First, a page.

{Of all lies, art is the least untrue - Flaubert}

Tuesday, March 21, 2006

K for Kafka

One problem that we encounter while reading Kafka is that we can not mark any single line or a paragraph by the sheer merit of its brilliance, the words are simple as black and white, and sentences usually unkempt running into paragraphs and his characters going through day-light nightmares. For the first time, I was more disinterested than baffled. Gregor became an insect in the first line and Joseph K was arrested in the first sentence, what else do you expect next? After the 'main' action had happened, we are allowed to enter to a world which we dread and gaze with flicking eyes at first, and then with eyes that have recently lost their lids.

After you have roamed through and touched its pillars you have a inscrutable urge to write about this spooky building, its like a virus you want to propagate, which has been considered ill even by those who are infected by it and a word of dread is usually put into the ears of every passer by of that doomed castle. Writing about Kafka and writing about Kafka's creation sometime seem to converge at a lonely room in the same building with white walls and dark floors where Kafka made Gregor to crawl for pages, we wonder if he too had crawled on the same floor or we are all crawling while trying to climb up the white walls and falling off our weight. We wonder and wonder, and we crawl and crawl.

The most interesting thing about writing about Kafka is a dual effect you go through. Its like not getting the write word or right sentence or the right expression to express, and getting a sense of dark failure and fear ahead, and at the other moment realizing that it is what Kafka is all about. To write, to re-write, to destroy, to search and find nothing but feeling of great misery passing or a strong smell of impending danger of void and an excessive obsession to scrutinize Kafka, the scrutiny that Kafka pursued all his life with greatest zeal that borders on boredom. The world of Kafka is not weak but the inhabitants are frail and falling, not because of some crime of their own but the collective crime of being the part of all this, probably that's why we call such a rich world, dark and fearful. What we reject to be nonexistent and hyper-ugly and only tend to shamefully view from corners of eyes, Kafka see with full blown eyes, without the fear of burning them but with the fear of its dreadful existence, and thus Kafka shows us what he sees so clearly, so passionately, so solitarily. And sometimes what we consider normal and everyday, unfolds deep dangers when handed over to Kafka's pen and ink.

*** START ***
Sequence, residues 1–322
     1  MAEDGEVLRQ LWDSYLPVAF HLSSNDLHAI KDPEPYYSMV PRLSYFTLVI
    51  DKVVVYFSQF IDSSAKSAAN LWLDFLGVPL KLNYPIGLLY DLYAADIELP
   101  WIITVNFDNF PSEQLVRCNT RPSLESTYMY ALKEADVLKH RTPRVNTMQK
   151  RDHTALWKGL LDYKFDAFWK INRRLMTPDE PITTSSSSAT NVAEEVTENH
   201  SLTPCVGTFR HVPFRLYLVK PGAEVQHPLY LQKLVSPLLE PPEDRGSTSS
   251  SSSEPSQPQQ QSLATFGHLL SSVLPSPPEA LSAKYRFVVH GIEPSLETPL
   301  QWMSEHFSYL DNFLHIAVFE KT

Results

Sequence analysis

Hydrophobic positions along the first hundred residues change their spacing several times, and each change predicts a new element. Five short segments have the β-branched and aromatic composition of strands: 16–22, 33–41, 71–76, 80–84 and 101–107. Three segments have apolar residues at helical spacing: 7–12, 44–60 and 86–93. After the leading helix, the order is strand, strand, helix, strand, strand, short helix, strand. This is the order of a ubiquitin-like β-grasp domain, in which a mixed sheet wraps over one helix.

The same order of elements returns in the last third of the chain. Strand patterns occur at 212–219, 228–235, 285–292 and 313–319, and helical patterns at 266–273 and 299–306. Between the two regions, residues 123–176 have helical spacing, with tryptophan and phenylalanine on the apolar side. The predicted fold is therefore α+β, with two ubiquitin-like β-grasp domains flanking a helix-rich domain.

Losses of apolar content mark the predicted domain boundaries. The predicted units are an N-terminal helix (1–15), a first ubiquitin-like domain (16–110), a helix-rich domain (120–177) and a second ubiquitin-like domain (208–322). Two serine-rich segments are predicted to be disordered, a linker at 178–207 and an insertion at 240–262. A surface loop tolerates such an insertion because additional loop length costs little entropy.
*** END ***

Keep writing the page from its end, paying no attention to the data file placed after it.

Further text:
Being a fellow spectator with Kafka is a difficult job, much difficult than being the part of the world which, people say, Kafka has created, but, which actually exists. When you read about the characters penned by Kafka, you have a feeling that if you talk to that person he will deny every bit of it, and if you talk to him for long, probably he will accept every thing. These are the things which at times we know but never be able to put in words, and Kafka does that for us. These might be the things that can suit to anybody but we will keep denying them till our death, only if no Kafkas were ever born.


Alok said...

Man! You write like Kafka himself. totally inscrutable ;-)

Even though he rarely uses big, obscure or ambgiguous words and phrases, reading Kafka is difficult because his style is a perfect antithesis to what we expect from a novel. story doesn't proceed through gradual accumulation of knowledge, all kinds of actions are continually thwarted by inexplicable forces, and he also deviates away from the traditional narrative arc. this creates problem for the conventional reader who expects some kind of "progress" in either plot or character through the story but it is this denial on the part of kafka to provide these things is what makes him unique.

god I sound like a confused reader myself!! :-)

anurag said...

Ya, Alok, it is quite amazing how Kafka using simple words and sentences to bring such a complex effect. Last night when I was reading 'The Trail', where K. goes to justice court for the first time, the ambiance ( of the market and houses before the court building) that Kafka has created are simple and can be thought of as any other market place but since Mr K. is walking through them, it sounds really different. Every glare and glance at K. speaks more about K. and it seems to suggest that K. has entered some other world which is outwardly same as any ordinary world. The way he finds out his way to the courtroom seem to suggest that whatever way he may have used, he would have ended there only. As you said, all this makes Kafka unique.

Man, I write like Kafka, I am jumping with horror and joy :))